• How to claim paid family and medical leave tax credit

    The tax reform law passed late last year contained a little-noticed tax credit for employers that provide employees paid "family and medical" leave and meet certain other requirements. While the IRS hasn't finalized regulations pinning down the specifics of the new credit, it recently issued some helpful guidance. Let's take a look.

  • Don't forget to properly classify independent contractors

    You likely recall a time not so long ago when the improper classification of employees as independent contractors was the hot topic for the IRS and the U.S. Department of Labor (DOL). In 2011, the agencies entered into a "Memorandum of Understanding" in which they agreed to share information about potential misclassifications in an effort to crack down on the common practice. The DOL also entered into similar agreements with roughly 30 state departments of labor.

  • Union Activity

    AFL-CIO leader hails defeat of right-to-work law. AFL-CIO President Richard Trumka has spoken out to praise the August referendum in Missouri that struck down the states right-to-work law. Missouri is the latest sign of a true groundswell, and working people are just getting started, Trumka said after the vote. Calling the right-to-work law poisonous anti-worker legislation, he said the laws defeat represents a victory for workers across the country. The message sent by every single person who worked to defeat Prop. A is clear: When we see an opportunity to use our political voice to give workers a more level playing field, we will seize it with overwhelming passion and determination. A day after the election, the AFL-CIO announced an advertising campaign aimed at drawing attention to the wave of collective action happening across the country and showing that anyone can join the momentum working people are generating.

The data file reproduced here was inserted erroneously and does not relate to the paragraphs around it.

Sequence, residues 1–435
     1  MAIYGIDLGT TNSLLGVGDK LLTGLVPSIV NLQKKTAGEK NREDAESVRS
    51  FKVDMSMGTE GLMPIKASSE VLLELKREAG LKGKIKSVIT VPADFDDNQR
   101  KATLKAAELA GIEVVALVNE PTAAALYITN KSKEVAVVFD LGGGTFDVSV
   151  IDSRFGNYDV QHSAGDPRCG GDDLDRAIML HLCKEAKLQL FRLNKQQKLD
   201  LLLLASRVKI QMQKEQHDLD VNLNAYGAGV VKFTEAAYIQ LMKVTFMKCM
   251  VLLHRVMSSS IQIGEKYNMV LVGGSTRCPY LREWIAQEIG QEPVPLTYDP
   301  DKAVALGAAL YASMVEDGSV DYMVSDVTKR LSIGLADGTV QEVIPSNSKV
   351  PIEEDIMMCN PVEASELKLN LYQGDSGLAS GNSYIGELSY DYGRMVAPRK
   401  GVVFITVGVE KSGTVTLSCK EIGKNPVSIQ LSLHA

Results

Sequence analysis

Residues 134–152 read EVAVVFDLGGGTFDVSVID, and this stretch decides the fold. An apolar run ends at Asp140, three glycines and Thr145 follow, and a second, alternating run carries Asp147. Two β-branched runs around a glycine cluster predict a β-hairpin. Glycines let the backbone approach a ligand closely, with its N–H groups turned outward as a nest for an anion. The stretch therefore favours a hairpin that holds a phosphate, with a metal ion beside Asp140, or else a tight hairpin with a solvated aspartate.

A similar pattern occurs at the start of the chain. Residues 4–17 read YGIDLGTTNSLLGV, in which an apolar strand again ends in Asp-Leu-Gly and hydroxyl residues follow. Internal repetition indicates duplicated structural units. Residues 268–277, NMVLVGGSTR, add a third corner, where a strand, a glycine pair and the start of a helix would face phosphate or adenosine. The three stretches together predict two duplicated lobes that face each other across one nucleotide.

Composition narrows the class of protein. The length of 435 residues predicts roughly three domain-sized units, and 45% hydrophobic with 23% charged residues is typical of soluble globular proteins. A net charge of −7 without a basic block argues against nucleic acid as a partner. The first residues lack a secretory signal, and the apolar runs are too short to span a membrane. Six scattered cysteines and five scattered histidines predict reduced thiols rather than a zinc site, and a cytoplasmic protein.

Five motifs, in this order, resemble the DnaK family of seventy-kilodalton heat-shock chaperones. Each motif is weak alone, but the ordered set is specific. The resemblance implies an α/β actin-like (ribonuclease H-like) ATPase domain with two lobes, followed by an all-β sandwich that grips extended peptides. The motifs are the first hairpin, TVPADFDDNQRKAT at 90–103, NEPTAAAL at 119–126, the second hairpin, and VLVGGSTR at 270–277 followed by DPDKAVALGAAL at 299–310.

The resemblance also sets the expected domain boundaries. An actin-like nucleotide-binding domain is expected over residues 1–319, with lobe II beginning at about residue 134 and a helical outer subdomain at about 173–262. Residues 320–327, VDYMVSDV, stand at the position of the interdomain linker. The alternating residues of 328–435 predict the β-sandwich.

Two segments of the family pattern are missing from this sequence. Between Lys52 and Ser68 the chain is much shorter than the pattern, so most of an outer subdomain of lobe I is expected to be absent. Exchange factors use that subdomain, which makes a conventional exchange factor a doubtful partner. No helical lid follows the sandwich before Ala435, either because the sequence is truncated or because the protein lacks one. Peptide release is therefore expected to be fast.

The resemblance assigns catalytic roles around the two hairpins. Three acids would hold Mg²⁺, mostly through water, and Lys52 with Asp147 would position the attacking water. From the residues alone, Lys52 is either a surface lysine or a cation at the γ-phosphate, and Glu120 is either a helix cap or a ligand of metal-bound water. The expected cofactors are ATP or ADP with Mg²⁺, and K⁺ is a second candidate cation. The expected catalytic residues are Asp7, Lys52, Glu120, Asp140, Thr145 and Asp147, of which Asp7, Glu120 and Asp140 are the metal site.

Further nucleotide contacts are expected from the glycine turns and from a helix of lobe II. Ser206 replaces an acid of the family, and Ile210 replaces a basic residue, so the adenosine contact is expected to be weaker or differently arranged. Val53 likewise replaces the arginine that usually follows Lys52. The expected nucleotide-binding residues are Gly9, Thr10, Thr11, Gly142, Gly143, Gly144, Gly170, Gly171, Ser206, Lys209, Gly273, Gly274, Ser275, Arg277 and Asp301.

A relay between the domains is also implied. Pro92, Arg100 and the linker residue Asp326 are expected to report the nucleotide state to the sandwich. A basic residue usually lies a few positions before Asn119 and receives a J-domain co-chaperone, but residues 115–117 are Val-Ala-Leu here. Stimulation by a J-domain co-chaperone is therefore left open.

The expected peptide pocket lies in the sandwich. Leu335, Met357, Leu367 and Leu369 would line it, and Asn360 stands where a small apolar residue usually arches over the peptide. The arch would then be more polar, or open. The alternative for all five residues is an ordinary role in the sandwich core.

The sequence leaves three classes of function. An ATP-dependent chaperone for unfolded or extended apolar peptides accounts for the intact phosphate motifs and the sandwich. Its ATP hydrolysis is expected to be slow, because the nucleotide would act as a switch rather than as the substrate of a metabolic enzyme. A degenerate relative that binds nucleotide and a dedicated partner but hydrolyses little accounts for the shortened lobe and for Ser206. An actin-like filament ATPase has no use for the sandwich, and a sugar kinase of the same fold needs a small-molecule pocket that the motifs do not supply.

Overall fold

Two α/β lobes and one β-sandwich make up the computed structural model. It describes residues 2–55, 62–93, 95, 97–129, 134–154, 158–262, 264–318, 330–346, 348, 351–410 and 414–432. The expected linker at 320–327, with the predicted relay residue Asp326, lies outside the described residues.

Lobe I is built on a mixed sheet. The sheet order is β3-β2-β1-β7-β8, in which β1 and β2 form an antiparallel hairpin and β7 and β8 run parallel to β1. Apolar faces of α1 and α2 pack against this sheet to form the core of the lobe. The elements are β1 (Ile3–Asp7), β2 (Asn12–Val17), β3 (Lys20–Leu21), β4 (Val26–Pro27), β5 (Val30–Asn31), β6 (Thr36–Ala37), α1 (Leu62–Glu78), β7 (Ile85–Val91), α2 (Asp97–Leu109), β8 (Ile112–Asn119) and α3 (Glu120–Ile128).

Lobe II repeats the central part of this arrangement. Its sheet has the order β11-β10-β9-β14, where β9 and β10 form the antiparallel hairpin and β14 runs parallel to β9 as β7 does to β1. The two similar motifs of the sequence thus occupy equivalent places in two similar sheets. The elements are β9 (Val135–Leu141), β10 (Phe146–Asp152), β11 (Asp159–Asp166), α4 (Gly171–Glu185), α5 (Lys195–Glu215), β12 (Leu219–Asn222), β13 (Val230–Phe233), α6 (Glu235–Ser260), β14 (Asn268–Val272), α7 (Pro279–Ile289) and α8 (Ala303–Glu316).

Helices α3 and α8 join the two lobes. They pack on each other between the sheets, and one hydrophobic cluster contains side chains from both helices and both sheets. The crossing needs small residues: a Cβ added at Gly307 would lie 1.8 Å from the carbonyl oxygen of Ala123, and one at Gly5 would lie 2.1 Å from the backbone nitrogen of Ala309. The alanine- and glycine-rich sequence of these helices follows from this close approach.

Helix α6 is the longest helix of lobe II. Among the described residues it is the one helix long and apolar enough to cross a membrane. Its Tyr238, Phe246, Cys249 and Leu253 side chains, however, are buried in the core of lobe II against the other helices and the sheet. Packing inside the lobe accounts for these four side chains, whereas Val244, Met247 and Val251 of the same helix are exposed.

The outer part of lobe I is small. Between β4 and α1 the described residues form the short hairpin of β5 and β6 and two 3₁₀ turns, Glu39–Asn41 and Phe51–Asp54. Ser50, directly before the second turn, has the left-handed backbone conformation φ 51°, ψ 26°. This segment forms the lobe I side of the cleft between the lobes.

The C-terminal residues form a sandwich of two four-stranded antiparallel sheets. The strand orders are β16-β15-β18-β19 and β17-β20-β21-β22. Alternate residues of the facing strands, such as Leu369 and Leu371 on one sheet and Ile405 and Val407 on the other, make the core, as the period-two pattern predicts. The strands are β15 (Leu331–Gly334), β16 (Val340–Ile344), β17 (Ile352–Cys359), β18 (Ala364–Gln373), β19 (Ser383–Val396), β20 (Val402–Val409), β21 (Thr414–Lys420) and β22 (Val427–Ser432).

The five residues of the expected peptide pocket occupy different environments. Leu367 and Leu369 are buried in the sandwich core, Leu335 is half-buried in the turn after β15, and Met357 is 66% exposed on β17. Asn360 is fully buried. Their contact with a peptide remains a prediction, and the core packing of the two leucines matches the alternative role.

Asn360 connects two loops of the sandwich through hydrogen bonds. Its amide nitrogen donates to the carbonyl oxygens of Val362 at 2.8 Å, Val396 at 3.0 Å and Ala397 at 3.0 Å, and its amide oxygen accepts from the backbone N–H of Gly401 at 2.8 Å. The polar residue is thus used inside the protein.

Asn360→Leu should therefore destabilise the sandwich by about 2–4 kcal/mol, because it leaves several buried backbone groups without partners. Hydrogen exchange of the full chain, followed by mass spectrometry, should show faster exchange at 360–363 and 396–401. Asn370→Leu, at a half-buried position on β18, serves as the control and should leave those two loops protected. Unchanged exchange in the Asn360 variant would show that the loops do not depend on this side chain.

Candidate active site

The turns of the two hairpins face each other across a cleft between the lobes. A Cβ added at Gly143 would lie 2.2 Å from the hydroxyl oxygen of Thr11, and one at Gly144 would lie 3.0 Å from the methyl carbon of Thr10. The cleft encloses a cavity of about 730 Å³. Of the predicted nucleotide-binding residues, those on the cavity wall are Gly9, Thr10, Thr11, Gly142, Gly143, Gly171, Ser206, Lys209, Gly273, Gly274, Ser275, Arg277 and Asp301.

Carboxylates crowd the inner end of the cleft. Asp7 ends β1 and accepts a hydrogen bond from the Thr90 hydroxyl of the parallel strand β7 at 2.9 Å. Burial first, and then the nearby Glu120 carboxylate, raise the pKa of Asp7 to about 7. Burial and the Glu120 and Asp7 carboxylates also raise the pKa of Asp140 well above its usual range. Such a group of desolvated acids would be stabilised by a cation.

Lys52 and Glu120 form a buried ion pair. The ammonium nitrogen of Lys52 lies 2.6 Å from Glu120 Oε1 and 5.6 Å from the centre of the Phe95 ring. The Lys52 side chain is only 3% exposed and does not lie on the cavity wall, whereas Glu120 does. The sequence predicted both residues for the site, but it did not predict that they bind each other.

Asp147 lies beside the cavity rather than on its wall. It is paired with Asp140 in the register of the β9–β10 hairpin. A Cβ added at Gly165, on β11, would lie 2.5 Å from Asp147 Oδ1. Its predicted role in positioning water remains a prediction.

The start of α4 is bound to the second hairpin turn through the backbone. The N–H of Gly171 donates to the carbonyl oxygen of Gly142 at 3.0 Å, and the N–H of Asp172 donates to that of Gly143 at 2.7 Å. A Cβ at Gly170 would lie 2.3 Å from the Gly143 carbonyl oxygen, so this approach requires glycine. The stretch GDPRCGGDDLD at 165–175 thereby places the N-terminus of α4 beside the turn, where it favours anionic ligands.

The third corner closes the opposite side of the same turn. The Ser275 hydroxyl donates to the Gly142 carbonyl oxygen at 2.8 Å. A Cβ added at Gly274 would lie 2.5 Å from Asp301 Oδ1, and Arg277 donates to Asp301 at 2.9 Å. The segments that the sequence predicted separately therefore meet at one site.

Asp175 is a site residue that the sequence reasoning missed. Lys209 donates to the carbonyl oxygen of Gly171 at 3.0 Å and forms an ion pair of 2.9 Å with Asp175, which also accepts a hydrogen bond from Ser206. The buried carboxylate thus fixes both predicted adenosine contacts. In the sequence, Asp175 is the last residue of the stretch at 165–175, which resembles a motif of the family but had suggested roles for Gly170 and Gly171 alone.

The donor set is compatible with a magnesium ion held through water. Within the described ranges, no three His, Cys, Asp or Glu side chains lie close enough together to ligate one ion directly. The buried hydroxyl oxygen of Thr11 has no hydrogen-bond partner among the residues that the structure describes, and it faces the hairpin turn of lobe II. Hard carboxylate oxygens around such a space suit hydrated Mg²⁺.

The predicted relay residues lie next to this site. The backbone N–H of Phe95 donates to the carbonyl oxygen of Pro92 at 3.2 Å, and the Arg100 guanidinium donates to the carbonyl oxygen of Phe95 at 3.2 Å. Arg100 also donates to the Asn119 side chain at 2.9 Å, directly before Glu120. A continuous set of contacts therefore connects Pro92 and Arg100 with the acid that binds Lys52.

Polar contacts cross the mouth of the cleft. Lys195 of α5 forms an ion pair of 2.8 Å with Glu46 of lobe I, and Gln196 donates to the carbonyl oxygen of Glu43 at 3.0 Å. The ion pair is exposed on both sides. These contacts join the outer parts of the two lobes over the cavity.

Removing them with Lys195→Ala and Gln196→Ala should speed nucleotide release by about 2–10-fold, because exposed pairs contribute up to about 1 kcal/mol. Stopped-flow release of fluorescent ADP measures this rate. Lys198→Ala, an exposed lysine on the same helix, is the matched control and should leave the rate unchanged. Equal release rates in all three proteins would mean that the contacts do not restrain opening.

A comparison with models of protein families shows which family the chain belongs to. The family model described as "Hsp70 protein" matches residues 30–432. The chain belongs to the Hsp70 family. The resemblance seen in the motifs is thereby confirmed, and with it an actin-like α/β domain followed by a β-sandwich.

• Agency Action

    NLRB launches ADR pilot program. The National Labor Relations Board (NLRB) announced in July that it is launching a new pilot program to enhance the use of its alternative dispute resolution (ADR) program. The pilot program is intended to increase participation opportunities for parties in the ADR program and help facilitate mutually satisfactory settlements. Under the new program, the NLRB's Office of the Executive Secretary will proactively engage parties with cases pending before the Board to determine whether their cases are appropriate for inclusion in the ADR program. Parties also may contact the Office of the Executive Secretary and request that their case be placed in the ADR program. There are no fees or expenses for using the program.

  • Protecting data from departing employees (or why I love auditing and access restrictions)

    Countless formal and informal studies show that most employees retain at least some company data when they leave a job. The reasons vary from the benign (such as when an employee inadvertently keeps a work flash drive) to the more malicious (such as in the case of an employee's deliberate theft of company trade secrets for use at a new job). Motivation matters only so much, though, because even the innocent retention of data can have far-reaching consequences.